A friend of mine said to me not so long ago, after we’d been reflecting on things we’d done throughout our lives, that my history would make interesting reading. I don’t know about that; all I can do is put it out there and let people make up their own minds. If nothing else, what follows here is a record for my kin and kindred of what their somewhat eccentric forebear was all about. Or maybe not. Maybe writing down the story means something, maybe not: maybe it’s important, maybe not. It is to me.
One of the hardest things about recalling distant events – and I am unquestionably now a fair distance from childhood – is recalling the sequence in which things happened. I can recollect snippets – my mother worried about the course of an overseas war (It would have been Korea), my father reassuring her that it wouldn’t spill onto home soil; watching from a parent’s shoulder as the young Queen Elizabeth swept around the Basin Reserve in her shiny black limousine; people excited, the same day, when a fellow countryman reached the top of the world’s highest mountain. The hullabaloo made about as much sense to me then as it does now.
Somewhere back in those early days, there’s a couple of incidents involving dogs. The first occurred when I was a toddler: I was in a stroller and a dog – a big collie – drew blood when he took a bite of my leg. I don’t know why he did it; I don’t think I would have done anything nasty to him, because I’ve always liked dogs.
Funnily enough, though, a dog is a factor in the most vivid of my childhood traumas, running into a cement railing full tilt when I was five or six. They used to have a lot of cement railings spanning the public front lawn strips where I lived, structures of concrete posts and rails that stuck out at intervals across the wide grass verges separating the fronts of properties from the footpath. We’d often wander along these verges when we were kids, using the rails as swings or gymnastic bars as we went by.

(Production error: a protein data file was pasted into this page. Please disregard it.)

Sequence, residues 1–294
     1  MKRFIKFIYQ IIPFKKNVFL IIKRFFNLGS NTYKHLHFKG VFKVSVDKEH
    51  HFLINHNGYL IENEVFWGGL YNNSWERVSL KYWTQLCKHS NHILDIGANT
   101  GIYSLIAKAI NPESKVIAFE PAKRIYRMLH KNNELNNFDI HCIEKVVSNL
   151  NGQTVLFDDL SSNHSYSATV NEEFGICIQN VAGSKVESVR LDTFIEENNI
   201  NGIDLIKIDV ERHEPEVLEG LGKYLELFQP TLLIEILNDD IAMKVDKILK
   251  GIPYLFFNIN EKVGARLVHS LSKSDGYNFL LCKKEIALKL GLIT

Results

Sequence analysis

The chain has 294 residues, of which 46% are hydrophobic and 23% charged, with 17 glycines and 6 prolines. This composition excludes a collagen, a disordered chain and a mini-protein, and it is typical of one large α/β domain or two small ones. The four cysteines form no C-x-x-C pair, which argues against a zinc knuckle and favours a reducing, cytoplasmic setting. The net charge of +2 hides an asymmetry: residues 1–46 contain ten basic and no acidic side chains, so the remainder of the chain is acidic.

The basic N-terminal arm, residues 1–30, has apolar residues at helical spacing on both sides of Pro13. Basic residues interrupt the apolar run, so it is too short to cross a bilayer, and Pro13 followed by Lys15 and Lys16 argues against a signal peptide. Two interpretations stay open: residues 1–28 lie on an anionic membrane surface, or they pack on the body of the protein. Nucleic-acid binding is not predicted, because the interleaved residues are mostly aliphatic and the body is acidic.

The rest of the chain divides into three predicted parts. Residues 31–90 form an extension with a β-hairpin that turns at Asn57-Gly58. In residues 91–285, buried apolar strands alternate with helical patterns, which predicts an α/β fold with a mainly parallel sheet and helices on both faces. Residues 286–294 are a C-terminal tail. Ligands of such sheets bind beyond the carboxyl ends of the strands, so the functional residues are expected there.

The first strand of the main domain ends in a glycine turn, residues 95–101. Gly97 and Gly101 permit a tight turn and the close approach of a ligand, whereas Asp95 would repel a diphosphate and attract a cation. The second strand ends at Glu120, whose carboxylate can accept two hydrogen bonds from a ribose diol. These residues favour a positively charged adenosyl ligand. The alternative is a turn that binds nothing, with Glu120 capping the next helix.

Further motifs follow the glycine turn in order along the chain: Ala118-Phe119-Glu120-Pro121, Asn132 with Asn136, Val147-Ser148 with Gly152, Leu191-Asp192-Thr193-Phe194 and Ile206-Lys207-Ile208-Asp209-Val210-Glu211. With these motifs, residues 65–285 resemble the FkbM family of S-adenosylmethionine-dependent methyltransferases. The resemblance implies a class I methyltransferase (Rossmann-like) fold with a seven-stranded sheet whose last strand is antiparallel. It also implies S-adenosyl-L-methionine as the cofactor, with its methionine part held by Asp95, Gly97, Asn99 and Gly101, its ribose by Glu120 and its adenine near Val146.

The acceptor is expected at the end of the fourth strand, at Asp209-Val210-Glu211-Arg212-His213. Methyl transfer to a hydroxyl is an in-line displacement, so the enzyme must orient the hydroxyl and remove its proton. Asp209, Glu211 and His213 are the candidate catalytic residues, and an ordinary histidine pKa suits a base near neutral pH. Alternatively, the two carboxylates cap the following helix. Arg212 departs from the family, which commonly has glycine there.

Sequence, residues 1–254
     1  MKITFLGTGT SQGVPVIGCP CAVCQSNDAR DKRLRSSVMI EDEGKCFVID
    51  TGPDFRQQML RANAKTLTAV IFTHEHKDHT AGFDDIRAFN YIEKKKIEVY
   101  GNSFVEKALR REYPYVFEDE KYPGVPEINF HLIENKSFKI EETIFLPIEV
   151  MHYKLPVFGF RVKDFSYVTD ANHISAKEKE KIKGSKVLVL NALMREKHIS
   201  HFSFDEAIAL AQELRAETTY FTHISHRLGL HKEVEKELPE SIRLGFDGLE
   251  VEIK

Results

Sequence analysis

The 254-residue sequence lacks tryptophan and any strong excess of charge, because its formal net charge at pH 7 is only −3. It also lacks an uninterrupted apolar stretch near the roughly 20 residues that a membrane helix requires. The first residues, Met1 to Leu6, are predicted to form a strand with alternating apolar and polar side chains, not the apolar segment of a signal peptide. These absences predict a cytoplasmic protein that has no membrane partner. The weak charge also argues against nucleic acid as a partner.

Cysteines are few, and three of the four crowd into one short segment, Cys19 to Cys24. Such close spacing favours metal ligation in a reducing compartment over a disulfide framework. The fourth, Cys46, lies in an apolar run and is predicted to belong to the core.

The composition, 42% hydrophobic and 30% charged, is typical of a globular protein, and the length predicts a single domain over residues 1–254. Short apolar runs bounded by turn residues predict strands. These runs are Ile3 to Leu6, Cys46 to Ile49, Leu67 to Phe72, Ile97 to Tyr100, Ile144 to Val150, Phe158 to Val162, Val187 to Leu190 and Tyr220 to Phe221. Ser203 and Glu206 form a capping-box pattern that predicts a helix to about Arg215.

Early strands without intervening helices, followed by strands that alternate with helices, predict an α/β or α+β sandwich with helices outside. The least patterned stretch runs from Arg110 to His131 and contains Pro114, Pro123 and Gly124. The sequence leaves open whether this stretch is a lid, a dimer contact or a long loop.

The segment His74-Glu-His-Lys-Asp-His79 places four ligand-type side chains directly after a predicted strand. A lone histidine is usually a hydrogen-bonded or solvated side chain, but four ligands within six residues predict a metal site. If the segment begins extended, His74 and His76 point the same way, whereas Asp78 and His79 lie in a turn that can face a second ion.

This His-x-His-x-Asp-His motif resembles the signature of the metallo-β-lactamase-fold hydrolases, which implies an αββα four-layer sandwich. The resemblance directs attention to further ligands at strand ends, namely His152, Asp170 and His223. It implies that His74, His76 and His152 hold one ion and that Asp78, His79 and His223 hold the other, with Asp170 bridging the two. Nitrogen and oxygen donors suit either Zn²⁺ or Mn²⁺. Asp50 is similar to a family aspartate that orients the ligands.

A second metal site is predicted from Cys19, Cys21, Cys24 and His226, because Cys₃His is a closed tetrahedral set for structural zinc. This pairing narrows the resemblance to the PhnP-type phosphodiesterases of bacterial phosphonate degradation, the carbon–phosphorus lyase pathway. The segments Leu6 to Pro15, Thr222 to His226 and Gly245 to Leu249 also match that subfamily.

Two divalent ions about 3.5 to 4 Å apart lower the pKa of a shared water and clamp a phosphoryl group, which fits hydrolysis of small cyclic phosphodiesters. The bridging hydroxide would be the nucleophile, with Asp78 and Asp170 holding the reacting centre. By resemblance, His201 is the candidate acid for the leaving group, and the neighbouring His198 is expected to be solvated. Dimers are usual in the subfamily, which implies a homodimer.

On the occasion in question my companion was Margaret Smith, the baker’s daughter, my new (and I think first) girlfriend. I was about six years old. It was late in the afternoon, almost dusk. We were holding hands, when I’d turned around to check out a dog who’d barked at us as we went past. It sounded ferocious, so we started to run, me still looking over my shoulder, as a result of which I ran straight into a rail at forehead height, and went down like a ton of bricks.
My relationship with Margaret didn’t survive the impact – or the sight of my inert body, or the blood pouring from my open head-wound. She ran off, leaving me unconscious on the grass, and our promising liaison ended right there. She apparently neglected to tell either of her parents what had happened, because when I woke up I had no idea where I was, and wandered around aimlessly a couple of blocks from home, until a guy on a pushbike picked me up an hour or so later.